And the judge's personal life was fairly well known before the trial even started, for decades even. And in fact, he was at one point a fine "anti-gay" judge when Reagan and Bush I appointed him, and gay groups complained about him. Indeed, as a lawyer Walker helped strip the use of the word "Olympics" from the "Gay Games" years ago. Why is his love life an issue now? That's how fair he is, we can't use the word "Olympics."

Lawsuits on gay matters are never really decided merely on the "law" -- but are so laden with emotion and religious belief that nothing about them can ever be "fair." Every court opinion about us is filled with religious arguments and personal belief and screams of impending doom, not law, and our religious belief is simply dismissed out of hand. No, no case about gay folks existence is ever fair. Especially of all to us gay folks. And they're usually decided by straight people with a lifetime of being told how horrible we are. And no one says a peep.

Mean Voter said...

To Jim: I think you've made an eloquent case as to why issues of this nature should not be decided by judges. I believe issues like this are properly left to citizens and legislatures in the 50 states to decide. Some states will legalize gay marriage and some won't. But citizens can always vote with their feet as well as vote in the ballot box.

Jim Hlavac said...

To Mean Voter: if gay folks vote with our feet, and move to the few states that wouldn't outlaw us, than I'm sure that state would be expelled from the Union forthwith for having a gay majority. Maybe that would be better. Indeed, Vermont and New Hampshire have barely 2,000,000 voters betwixt, we could become a majority there in a year. And we could take over say, oh, Alabama and Mississippi, also, since they too have plenty of liebensraum and few voters. (I hate snow, so Mississippi it is for me!)

Perhaps Hawaii too. There's some 10,000,000 or more of us -- but no more than 20,000,000 gay folks. More than enough to take over a few states. Maybe even outlaw heterosexuality as "deviant" from the "majority" when we're done. So why don't we follow your advice, and take over a few states? And then what?

TX, KS and MN just passed "laws" keeping their anti-gay smooching (AKA Sodomy statutes) in place. Some 14 other states simply refuse to remove the pointless verbiage, for gratuitous nastiness. It's illegal still in Florida to serve alcohol to "known homosexuals." Laughable. Unconstitutional, unenforceable, unAmerican, and dare I say, not very Christian either, but hey, the "legislatures" kept the provisions by "majority" vote for the fun of it? Why? And you want me to hand over the issue to them? Or vote with my feet? Expelled like Medieval Jews were from virtually every nation in Europe? This is rational to you? Vote with my feet? Yikes.

No, it's time for heteros to deal with the reality of gay folks as people, like you deal with murderers whom can get married on death row or autistic boys who can marry the retarded. And as exactly as whom we say we are -- born this way, born gay. Let my people go, and figure out a way to include us, and stop this "tough noogies" crap.

In the blessings of Liberty for All -- not for 95% of you, and a theocracy for me.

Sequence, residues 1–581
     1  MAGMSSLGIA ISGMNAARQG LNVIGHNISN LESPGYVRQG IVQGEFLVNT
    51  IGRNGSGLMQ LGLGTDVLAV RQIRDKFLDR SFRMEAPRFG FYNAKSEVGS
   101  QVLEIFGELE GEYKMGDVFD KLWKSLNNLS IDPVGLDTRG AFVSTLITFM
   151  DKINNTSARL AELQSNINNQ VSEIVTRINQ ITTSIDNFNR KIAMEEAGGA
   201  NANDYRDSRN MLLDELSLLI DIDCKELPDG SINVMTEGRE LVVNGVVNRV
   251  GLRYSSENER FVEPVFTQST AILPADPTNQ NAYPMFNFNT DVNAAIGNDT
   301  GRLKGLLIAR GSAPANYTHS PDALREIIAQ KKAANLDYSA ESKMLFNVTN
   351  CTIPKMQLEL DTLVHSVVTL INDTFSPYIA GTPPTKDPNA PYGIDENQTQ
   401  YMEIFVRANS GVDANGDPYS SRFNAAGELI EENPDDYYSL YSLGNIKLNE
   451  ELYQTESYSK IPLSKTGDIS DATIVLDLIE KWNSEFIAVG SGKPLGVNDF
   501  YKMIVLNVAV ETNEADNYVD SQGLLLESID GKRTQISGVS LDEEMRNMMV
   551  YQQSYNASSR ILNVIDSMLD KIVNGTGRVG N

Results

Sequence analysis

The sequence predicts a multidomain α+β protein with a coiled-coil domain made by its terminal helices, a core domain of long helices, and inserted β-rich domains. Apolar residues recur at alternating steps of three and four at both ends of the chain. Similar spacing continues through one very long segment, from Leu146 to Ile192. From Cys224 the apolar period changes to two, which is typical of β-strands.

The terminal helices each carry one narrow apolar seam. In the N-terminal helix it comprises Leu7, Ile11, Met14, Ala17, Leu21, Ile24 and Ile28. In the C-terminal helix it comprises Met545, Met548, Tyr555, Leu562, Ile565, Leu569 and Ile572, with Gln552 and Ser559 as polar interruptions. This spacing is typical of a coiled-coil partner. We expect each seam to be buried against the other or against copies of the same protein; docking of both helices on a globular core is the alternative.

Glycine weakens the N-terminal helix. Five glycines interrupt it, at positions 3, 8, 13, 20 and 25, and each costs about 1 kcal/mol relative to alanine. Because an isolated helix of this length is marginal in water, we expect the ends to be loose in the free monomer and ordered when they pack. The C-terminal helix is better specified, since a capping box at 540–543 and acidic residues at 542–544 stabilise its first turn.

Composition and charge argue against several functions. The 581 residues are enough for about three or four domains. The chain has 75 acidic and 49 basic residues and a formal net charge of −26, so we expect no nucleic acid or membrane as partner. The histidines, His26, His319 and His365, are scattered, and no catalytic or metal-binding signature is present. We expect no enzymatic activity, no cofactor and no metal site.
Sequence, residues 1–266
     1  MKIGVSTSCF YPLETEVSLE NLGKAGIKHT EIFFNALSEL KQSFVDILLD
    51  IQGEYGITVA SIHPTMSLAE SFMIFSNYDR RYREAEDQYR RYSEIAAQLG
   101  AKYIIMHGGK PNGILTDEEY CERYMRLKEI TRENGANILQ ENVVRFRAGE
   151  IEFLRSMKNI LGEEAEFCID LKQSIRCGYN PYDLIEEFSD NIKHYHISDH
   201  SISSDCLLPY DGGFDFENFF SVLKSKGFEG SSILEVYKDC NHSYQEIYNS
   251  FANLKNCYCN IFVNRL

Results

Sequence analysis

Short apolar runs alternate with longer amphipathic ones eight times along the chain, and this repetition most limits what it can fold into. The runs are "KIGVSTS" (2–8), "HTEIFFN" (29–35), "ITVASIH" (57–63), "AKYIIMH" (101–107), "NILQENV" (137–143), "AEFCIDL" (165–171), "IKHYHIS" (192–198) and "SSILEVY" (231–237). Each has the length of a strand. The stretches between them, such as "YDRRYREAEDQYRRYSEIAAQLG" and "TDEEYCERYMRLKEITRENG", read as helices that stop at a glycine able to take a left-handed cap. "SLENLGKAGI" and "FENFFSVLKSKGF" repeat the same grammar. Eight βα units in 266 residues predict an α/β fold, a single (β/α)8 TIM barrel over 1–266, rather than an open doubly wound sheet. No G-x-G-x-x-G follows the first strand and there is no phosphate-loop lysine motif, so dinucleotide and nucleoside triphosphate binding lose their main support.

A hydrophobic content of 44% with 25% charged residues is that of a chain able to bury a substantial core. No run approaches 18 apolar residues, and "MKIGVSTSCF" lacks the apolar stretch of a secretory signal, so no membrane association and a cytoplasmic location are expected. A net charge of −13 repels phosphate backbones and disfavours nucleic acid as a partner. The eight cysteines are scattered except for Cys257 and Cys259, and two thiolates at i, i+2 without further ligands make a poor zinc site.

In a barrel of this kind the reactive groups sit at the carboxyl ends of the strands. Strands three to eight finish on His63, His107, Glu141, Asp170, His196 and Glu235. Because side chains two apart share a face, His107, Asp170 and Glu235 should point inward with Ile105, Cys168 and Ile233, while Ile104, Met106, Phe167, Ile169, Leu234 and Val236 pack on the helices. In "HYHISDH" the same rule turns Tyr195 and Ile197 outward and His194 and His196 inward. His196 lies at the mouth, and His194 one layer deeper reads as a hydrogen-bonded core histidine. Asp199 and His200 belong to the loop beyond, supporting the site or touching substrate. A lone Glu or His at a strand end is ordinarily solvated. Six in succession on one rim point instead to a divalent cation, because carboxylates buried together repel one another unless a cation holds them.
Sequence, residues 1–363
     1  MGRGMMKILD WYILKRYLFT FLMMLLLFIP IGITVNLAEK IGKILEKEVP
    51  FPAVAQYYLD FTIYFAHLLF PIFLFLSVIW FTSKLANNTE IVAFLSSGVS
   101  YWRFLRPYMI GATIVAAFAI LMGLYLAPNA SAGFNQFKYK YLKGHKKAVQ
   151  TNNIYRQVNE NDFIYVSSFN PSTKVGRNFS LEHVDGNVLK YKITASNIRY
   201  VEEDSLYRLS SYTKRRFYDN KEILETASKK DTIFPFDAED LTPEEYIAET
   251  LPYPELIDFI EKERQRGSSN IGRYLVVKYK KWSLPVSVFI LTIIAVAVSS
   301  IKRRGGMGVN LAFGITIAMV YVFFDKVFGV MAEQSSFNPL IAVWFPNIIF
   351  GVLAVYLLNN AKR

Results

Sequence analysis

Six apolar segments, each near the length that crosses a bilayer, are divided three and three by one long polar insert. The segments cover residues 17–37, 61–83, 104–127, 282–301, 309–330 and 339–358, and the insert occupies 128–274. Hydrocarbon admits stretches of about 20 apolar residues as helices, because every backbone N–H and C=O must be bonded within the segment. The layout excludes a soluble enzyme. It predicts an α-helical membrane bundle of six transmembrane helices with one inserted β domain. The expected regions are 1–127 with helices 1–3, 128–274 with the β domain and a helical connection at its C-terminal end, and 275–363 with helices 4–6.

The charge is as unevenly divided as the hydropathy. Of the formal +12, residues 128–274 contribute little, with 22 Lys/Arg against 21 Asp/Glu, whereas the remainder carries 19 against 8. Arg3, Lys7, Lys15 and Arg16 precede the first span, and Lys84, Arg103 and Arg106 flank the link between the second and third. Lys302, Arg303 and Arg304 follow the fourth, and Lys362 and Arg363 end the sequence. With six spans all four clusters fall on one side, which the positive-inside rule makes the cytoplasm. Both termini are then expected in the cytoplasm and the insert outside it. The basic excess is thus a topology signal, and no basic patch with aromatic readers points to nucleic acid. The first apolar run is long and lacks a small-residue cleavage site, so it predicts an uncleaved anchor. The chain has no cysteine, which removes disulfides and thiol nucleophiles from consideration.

We are taxpaying Americans, entitled to life, liberty and the pursuit of happiness as rugged, or not so rugged individuals. Don't tell me "tough noogies and move" -- accept reality. It's far more conservative.

Anonymous said...

The parties to the lawsuit would not have had to guess about the judges gender or race, would they? And there were enough rumors flying to make an investigation of the judge's sexual orientation an issue for the trial beforehand. Certainly the standard could have been addressed before the trial given the ability of homosexuals to "hide" amongst "normal" folk - soneone could have simply said, "we want a fair and impartial judge, so we need to make sure he is not a homosexual." No one did. Why? because no one at the time thought it made a difference. Had the judge been heterosexual, based on the claims of the Prop 8 proponents, they would have had a vested interest in denying gays the right to marry to preserve their own marriage. No one pusuing life, liberty and happiness in the US that is even remotely interested in a lifetime partner can be considered unaffected by the law. (If the claims are true - and Pro 8 people swear by them). They have a situation. Deny it affects straight marriage so they can get a straight judge, and lose the merit of their argument, or let the RANDOMLY selected judge rule, as it happened. Too funny, if it did not affect millions of well meaning and inoffensive gay people.

ted baldwin said...

i wrote the above, sorry, not familiar with authorship routine.

Ron Replogle said...

Ted: I see your point, but I don't think it makes a legal difference. Imagine a case in which an anti-gay-marriage plaintiff is trying to overturn a ballot initiative that legalizes same-sex marriage. No lawyer would ever even suspect that he'd suffered a legally cognizable injury or had standing to challenge the law just because he thought it would make him worse-off. (All new laws make some people better off and other people worse off than they were before.) So there's no way that a straight judge presiding over the Prop. 8 case could have had a conflict interest comparable to the one that the movants are alleging that Judge Walker had.